Number of new streetlights installed as part of the Digital Divide and Strategic Streetlighting Plan: 100 (No change)
Number of new streetlights installed as part of the environmental improvements for crime prevention plan: 532 (No change)
Number of blighted properties remediated by Neighborhood Nuisance Abatement: 30,542 (+3,636)
Number of blighted properties remediated by the Office of Integrated Public Safety Solutions, utilizing Code Compliance personnel within Risk Terrain Area: 1,522 (+250)
Number of violence interrupters funded by the City of Dallas: 1 organization with an 11-member team (No change).
Total number of murders and non‐negligent homicides year‐to‐date: 122 (+20)
Murder victims by race/ethnicity
Black: 74 (+15)
Hispanic: 32 (+4)
White: 14 (+2)
Other/unknown: 2 (-1)
Murders by City Council district
District 1: 6 (No change)
District 2: 9 (No change)
District 3: 12 (+1)
District 4: 13 (+3)
District 5: 7 (No change)
District 6: 12 (+3)
District 7: 23 (+6)
District 8: 17 (+2)
District 9: 1 (No change)
District 10: 13 (+4)
District 11: 2 (No change)
District 12: 1 (No change)
District 13: 2 (No change)
District 14: 4 (+1)
(For your reference, here is a map of City Council districts. You can also find your representatives here).
Total number of murders and non‐negligent homicides during the current year in which no arrest has been made: 45 (+4)
Number of 911 call takers on staff: 88 (+4)
Average 911 call holding time, in minutes and seconds: 16 seconds (-2 seconds)
Police civilianization, hiring, and overtime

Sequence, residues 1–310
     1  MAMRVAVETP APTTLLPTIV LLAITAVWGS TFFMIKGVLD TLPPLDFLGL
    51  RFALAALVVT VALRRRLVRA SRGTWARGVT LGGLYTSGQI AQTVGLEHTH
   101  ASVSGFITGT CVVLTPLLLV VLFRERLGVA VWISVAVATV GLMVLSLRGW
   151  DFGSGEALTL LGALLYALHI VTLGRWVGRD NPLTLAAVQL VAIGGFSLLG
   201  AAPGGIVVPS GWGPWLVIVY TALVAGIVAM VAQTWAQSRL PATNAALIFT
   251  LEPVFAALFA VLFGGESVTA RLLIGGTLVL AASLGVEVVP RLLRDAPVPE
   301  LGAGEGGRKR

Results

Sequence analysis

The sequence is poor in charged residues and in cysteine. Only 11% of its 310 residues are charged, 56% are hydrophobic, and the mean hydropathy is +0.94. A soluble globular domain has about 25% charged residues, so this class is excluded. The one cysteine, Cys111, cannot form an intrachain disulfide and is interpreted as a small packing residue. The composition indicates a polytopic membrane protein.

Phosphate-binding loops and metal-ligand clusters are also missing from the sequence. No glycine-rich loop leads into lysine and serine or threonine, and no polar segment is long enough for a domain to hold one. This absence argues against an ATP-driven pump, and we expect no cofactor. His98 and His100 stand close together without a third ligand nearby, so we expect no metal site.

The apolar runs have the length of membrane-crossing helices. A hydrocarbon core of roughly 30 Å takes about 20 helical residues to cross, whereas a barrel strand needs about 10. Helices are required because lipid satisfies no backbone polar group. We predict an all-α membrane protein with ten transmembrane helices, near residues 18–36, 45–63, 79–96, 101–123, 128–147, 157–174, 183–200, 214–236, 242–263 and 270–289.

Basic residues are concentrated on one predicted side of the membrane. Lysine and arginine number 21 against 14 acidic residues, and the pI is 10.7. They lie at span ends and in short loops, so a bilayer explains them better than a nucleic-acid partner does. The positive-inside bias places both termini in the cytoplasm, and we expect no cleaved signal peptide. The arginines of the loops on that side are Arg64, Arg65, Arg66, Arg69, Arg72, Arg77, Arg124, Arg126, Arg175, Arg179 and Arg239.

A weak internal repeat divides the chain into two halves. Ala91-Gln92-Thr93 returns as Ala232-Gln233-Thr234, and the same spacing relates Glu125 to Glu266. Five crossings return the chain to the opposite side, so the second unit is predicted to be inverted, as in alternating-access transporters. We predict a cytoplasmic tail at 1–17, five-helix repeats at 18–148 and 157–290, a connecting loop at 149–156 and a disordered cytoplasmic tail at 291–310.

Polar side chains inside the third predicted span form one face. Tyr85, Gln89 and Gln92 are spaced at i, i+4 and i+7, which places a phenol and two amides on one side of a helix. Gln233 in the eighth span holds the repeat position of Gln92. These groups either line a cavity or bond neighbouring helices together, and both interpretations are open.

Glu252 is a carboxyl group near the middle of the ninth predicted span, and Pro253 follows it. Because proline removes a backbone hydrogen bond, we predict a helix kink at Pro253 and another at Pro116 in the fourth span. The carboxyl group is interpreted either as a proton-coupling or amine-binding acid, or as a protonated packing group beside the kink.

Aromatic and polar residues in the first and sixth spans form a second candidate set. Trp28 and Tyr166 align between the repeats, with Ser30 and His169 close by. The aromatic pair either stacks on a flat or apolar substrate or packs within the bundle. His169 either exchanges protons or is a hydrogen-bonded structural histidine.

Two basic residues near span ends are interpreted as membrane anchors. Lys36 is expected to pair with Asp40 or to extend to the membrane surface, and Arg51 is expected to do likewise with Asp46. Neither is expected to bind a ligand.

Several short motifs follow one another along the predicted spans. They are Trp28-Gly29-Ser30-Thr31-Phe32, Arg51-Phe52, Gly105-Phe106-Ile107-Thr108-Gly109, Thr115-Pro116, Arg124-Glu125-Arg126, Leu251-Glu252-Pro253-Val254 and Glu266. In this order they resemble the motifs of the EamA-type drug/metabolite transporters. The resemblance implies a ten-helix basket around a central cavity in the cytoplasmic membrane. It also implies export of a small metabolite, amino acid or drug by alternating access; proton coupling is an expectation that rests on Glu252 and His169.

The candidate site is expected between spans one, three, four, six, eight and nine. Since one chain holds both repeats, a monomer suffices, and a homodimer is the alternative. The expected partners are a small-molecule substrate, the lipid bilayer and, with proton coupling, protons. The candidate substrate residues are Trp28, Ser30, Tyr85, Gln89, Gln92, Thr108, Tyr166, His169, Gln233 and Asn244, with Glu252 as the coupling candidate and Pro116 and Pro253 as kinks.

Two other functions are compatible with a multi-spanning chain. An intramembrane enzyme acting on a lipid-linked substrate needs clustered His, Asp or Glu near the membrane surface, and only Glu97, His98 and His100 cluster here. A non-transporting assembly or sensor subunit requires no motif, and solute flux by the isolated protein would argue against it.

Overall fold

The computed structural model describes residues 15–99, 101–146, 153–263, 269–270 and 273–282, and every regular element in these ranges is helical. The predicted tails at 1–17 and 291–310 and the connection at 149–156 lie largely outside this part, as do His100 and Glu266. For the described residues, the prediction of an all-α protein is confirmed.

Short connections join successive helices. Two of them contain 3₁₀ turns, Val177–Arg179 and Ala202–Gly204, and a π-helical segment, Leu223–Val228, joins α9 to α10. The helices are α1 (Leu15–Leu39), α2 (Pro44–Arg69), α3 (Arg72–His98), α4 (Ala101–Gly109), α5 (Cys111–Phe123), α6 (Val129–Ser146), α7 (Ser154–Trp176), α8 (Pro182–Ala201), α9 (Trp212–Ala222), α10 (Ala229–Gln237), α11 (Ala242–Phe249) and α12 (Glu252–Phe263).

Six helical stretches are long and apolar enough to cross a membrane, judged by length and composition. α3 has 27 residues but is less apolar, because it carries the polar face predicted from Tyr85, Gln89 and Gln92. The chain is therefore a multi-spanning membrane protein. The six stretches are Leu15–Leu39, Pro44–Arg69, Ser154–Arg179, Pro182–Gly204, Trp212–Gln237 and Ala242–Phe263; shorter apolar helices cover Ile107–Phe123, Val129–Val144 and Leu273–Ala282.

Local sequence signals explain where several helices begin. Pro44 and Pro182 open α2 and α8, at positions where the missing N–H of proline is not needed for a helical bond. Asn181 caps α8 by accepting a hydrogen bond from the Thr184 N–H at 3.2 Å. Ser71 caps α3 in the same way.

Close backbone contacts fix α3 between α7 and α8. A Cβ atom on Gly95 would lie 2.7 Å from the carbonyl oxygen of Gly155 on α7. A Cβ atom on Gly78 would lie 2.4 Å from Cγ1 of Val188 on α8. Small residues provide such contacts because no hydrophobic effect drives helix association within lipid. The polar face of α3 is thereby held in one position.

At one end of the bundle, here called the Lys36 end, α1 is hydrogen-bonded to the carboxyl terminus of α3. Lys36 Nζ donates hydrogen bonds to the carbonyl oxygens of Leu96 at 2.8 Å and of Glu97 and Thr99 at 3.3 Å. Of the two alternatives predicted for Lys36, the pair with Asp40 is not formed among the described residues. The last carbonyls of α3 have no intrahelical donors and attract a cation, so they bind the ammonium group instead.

Total amount of overtime funding expended to date in the current fiscal year: $27.9 million (+$2.9 million)
Total Dallas Police Department overtime budget allocated for the current fiscal year: $17.3 million (No change)
Total number of jobs transitioned from sworn officers to non‐sworn employees as part of KPMG civilianization plan: 69 (+17)
Total number of police officers and trainees hired year‐to‐date: 117 (+40)
Total number of police officers and trainees who have resigned, retired, or have been terminated: 165 (+21)
Total number of police department civilian employees hired: 175 (+17)
Total number of police department civilian employees who have resigned, retired, or have been terminated: 84 (+6)
Police response times
Median police response times to priority 1 calls: 6 minutes, 3 seconds (+8 seconds)
Percentage of priority 1 calls receiving a response in under 8 minutes: 51.41% (-4.26%)
Median police response times to priority 2 calls: 16 minutes, 47 seconds (+2 minutes, 39 seconds)
As you can see, some progress has been made on key initiatives. But the police department is still struggling to meet their response time goals. That’s a major part of why police overtime funding (boosted appropriately in the proposed budget for next fiscal year) is so far over budget this year.
Now is not the time to let up on efforts to make Dallas a safer city. Stay tuned as the budget talks progress. City councilmembers will likely propose some amendments that will hopefully better align the budget with your needs. There is, after all, still much to discuss about how City Hall can best get Back to Basics and Build for the Future. The devil is often in the details.
It’s time for you to get in on this process. Take part in a budget town hall meeting and tell your city councilmember about your priorities. You can also reply to this email to share your feedback!
Stay tuned for more updates. Have a great week, stay safe, and stay healthy.